ANTI-POACHING STRIKE FORCE WILL PUT MORE OFFICERS IN THE FIELD YEAR-ROUND

ANTI-POACHING STRIKE FORCE WILL PUT MORE OFFICERS IN THE FIELD YEAR-ROUND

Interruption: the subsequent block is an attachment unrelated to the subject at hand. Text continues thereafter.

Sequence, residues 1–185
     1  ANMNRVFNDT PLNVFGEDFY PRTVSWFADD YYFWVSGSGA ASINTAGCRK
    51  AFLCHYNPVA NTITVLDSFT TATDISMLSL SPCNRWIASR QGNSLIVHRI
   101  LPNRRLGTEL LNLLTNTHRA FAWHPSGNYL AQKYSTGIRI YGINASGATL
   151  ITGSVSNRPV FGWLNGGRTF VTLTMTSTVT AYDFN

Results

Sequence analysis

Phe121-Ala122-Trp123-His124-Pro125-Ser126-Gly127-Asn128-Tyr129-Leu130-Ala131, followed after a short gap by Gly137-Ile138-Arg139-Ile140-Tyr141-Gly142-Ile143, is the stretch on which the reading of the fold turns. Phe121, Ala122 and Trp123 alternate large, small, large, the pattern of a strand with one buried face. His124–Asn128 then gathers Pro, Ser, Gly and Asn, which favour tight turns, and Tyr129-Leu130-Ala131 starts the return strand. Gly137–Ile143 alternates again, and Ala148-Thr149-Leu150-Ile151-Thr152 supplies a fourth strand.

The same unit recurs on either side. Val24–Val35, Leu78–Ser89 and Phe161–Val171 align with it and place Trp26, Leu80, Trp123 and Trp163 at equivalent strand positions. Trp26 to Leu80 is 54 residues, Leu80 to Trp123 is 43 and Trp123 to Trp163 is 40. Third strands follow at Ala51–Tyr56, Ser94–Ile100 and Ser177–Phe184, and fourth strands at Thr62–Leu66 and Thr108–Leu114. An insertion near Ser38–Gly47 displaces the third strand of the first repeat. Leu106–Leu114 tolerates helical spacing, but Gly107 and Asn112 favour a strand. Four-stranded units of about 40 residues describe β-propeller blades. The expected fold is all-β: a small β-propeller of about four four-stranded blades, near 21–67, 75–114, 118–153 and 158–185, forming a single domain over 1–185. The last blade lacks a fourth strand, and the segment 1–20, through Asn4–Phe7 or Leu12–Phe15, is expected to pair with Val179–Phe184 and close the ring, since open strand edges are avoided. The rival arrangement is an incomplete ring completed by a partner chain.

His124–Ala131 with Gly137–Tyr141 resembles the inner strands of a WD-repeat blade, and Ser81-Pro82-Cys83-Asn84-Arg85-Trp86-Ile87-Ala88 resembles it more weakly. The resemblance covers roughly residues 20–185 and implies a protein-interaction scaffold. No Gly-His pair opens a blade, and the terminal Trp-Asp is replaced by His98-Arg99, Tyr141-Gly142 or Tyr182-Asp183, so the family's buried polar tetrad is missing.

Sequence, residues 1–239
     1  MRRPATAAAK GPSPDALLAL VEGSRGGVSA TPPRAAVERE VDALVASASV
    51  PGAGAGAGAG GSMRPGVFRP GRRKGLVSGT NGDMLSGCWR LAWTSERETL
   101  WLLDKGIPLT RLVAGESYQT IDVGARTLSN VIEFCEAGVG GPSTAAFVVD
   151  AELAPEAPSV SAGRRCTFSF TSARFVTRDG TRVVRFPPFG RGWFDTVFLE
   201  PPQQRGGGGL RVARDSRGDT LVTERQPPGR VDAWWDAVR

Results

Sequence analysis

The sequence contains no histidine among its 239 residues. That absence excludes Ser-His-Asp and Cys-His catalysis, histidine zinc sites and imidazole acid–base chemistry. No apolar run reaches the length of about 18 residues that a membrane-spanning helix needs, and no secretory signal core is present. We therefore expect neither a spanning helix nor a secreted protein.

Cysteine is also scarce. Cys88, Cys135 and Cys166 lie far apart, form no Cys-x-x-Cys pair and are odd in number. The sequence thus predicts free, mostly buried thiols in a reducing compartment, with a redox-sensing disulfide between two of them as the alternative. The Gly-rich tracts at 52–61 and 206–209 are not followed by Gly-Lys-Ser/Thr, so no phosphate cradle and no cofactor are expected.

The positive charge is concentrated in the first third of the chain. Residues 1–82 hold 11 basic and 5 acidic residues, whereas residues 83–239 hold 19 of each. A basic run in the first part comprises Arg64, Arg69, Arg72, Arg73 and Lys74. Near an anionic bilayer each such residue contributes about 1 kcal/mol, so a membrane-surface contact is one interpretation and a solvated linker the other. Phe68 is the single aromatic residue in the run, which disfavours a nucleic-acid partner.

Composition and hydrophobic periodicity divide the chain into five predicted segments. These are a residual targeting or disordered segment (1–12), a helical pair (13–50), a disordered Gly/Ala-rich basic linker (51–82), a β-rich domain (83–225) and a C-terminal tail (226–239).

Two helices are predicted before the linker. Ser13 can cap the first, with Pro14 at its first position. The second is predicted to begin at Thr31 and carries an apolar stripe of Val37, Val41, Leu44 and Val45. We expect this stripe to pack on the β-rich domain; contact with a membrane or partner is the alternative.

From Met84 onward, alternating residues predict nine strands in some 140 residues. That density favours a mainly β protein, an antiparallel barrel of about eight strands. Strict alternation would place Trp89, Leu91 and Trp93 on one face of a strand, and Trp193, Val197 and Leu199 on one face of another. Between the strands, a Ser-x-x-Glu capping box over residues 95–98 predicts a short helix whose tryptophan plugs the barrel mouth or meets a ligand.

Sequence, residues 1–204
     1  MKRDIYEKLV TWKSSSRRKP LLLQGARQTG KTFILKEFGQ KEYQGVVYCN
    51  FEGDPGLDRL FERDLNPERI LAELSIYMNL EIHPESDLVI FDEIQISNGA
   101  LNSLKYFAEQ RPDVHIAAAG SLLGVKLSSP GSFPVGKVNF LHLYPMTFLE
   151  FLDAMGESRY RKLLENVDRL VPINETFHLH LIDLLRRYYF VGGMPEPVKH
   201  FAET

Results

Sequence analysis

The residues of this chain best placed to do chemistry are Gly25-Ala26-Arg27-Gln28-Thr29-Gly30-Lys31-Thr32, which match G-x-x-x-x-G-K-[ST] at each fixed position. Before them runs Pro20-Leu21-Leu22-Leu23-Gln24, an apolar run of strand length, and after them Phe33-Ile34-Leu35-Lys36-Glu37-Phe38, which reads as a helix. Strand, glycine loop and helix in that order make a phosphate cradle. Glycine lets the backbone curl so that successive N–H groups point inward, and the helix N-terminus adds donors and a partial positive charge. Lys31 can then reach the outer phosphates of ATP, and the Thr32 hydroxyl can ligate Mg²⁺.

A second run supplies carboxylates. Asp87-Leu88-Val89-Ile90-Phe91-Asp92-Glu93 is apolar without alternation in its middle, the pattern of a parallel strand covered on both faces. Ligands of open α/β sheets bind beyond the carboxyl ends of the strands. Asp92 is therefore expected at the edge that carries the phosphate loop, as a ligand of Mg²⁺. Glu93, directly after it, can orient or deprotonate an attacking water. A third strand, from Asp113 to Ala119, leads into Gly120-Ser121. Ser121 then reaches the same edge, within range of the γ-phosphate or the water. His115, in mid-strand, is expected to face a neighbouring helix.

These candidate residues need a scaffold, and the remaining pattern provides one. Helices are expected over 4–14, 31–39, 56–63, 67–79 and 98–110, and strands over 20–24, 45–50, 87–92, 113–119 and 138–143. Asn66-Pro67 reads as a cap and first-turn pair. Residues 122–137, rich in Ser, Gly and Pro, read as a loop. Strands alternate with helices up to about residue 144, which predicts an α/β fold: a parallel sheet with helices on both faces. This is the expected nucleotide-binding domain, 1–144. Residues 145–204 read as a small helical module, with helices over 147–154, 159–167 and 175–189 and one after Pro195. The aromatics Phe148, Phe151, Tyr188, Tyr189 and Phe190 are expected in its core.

SANTA FE – New Mexicans soon will be seeing more Department of Game and Fish conservation officers in the field with the creation of a special strike force designed to deter poaching and combat illegal hunting and fishing, waste of game and exceeding bag limits. Initiated by State Game Commission Chairman Guy Riordan, plans for the Anti-Poaching Strike Force call for the Department to readjust some personnel tasks and use all of its existing law-enforcement capabilities year-round. “With this plan, we are sending a message to poachers: Plundering New Mexico’s fish and wildlife is a crime we take very seriously,” Riordan said. “We’re going to do everything we can to catch and prosecute people who disrespect the precious natural resources that are so important to our quality of life and to the economic health of our communities, especially in rural areas.” Riordan emphasized that the strike force will provide more protection for wildlife, especially when animals such as deer and elk are most vulnerable on their winter ranges. The plan supports Governor Bill Richardson’s efforts to provide more conservation officers, as recommended in his budget. The plan, to begin March 1, will put an additional 40 commissioned officers in the field part-time to strategically supplement the efforts of about 60 field conservation officers whose primary duties are to ensure people are complying with game and fish laws. Those 40 officers carry law-enforcement certification but have specialized duties in biology, fisheries, habitat, game management and manager responsibilities. The plan will require them to dedicate time year round to conservation law enforcement. This effort will provide more than 6,000 hours of added fish and wildlife protection and conservation officer proficiency development annually statewide. “We are fortunate to have 100 fully trained law enforcement officers to call upon to help combat this growing problem,” Riordan said. “In the past year, we’ve investigated cases of poachers killing deer for their heads and leaving the carcasses to rot. We’ve had cases of people counterfeiting hunting licenses, and we’ve had cases of people hunting illegally on one of our most pristine nature preserves. This strike force should help deter some of those illegal activities.” Strike force duties will include assisting regular field officers in: Saturation patrols in designated areas of the state during hunting seasons. Special operations such as night patrols, decoy operations and angler patrols. Patrolling districts and responding to calls when regular district officers are unavailable or busy with other calls during hunting seasons. Patrolling “violation hotspots” frequented by poachers out of season. Patrolling areas and waters that may be understaffed while district officers are busy with activities such as wildlife surveys, trapping operations or training. Encouraging citizen participation in reporting violations. Riordan emphasized that the strike force will operate with existing resources while maintaining the Department’s excellent customer services and other responsibilities.

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